National Survey Finds Most U.S. Physicians Are Satisfied

Satisfied physicians more likely to report positive trends, encourage young people to become doctors

MONDAY, July 21, 2014 (HealthDay News) -- Most U.S. physicians are satisfied, with satisfied physicians more likely to report positive trends in medicine, according to a report published by Jackson Healthcare.

Jackson Healthcare conducted their annual national survey of physicians. Seventy-two percent of respondents reported being satisfied or very satisfied, while only 9 percent were very dissatisfied.

According to the survey, satisfied physicians are more likely to say there has been no change in the amount of time they spend with patients (76 percent) and that there has been no change in the number of surgical procedures scheduled per day (69 percent). Seventy percent would encourage a young person to become a physician and 68 percent feel it is a positive trend that nurse practitioners and physician assistants are taking on more duties traditionally performed by physicians. In contrast, most dissatisfied physicians are unlikely to accept new Medicaid patients due to low or declining reimbursements; are not likely to encourage young people to become physicians; are likely to work more than eight hours per day; and are likely to say that patients are delaying services and procedures.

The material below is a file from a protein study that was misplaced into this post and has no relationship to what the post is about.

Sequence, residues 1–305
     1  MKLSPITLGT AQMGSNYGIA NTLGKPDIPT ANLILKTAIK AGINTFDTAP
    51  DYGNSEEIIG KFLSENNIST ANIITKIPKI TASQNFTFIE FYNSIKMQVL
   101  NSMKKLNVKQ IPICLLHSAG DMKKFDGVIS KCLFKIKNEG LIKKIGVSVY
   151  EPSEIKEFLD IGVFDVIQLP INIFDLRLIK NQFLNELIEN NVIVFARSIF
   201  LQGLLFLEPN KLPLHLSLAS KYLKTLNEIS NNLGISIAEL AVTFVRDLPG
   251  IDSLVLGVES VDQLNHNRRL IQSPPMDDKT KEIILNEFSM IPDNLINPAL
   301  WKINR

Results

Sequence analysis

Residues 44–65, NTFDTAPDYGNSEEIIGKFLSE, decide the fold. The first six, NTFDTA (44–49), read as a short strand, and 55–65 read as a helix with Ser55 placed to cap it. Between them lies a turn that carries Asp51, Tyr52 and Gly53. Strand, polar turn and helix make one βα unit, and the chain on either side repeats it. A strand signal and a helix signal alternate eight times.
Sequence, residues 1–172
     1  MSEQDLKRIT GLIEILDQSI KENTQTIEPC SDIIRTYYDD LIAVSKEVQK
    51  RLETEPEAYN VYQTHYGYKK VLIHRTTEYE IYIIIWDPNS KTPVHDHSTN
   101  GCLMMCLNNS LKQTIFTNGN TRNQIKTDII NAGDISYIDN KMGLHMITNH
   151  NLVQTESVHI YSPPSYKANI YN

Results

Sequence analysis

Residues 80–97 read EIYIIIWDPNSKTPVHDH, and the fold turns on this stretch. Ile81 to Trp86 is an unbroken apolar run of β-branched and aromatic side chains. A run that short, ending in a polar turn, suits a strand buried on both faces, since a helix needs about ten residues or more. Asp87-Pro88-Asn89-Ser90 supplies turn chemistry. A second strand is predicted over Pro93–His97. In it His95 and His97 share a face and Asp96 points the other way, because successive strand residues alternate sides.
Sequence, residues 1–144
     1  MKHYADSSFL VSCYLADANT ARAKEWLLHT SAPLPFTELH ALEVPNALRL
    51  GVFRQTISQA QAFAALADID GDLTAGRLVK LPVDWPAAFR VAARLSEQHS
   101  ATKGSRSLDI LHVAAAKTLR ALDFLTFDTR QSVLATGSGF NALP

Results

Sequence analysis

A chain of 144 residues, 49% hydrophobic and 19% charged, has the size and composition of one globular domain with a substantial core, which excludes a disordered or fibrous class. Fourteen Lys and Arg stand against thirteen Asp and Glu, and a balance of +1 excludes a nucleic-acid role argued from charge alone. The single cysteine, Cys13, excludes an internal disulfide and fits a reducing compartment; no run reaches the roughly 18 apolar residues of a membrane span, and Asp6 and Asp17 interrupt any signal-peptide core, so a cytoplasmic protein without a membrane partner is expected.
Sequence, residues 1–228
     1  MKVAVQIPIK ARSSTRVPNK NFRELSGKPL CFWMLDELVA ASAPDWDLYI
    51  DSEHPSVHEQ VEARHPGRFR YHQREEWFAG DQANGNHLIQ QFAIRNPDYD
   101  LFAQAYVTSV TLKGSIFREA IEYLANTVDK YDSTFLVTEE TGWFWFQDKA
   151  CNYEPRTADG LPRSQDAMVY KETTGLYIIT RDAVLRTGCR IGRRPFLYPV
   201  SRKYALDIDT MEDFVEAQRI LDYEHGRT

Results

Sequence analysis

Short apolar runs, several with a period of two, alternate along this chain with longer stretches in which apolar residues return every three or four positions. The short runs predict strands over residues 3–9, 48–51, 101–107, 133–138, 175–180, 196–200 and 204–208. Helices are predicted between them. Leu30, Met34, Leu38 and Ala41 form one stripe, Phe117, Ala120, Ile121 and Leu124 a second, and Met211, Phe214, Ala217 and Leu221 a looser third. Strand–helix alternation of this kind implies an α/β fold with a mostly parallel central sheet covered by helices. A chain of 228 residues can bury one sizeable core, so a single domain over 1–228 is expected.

"It is obvious dissatisfied physicians see the glass half empty, while satisfied physicians see it as half full," write the authors of the report. "And, in our research, there continues to be a correlation between satisfaction and employment versus private practice."

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